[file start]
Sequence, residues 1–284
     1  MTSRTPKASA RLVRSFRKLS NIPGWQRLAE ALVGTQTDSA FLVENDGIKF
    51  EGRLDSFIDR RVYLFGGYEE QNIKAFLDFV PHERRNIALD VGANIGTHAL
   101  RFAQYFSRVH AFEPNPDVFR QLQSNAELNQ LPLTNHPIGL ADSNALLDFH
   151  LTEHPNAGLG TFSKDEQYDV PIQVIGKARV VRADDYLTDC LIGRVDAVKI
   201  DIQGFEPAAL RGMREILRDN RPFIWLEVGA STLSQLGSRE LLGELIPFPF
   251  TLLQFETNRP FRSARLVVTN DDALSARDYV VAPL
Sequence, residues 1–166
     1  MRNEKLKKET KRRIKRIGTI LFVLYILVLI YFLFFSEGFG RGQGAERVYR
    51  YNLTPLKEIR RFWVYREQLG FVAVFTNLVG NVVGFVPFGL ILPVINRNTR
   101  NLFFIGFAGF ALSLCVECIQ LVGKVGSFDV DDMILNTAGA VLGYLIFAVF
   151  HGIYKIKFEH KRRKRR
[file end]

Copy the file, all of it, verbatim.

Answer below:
Sequence, residues 1–284
     1  MTSRTPKASA RLVRSFRKLS NIPGWQRLAE ALVGTQTDSA FLVENDGIKF
    51  EGRLDSFIDR RVYLFGGYEE QNIKAFLDFV PHERRNIALD VGANIGTHAL
   101  RFAQYFSRVH AFEPNPDVFR QLQSNAELNQ LPLTNHPIGL ADSNALLDFH
   151  LTEHPNAGLG TFSKDEQYDV PIQVIGKARV VRADDYLTDC LIGRVDAVKI
   201  DIQGFEPAAL RGMREILRDN RPFIWLEVGA STLSQLGSRE LLGELIPFPF
   251  TLLQFETNRP FRSARLVVTN DDALSARDYV VAPL
Sequence, residues 1–166
     1  MRNEKLKKET KRRIKRIGTI LFVLYILVLI YFLFFSEGFG RGQGAERVYR
    51  YNLTPLKEIR RFWVYREQLG FVAVFTNLVG NVVGFVPFGL ILPVINRNTR
   101  NLFFIGFAGF ALSLCVECIQ LVGKVGSFDV DDMILNTAGA VLGYLIFAVF
   151  HGIYKIKFEH KRRKRR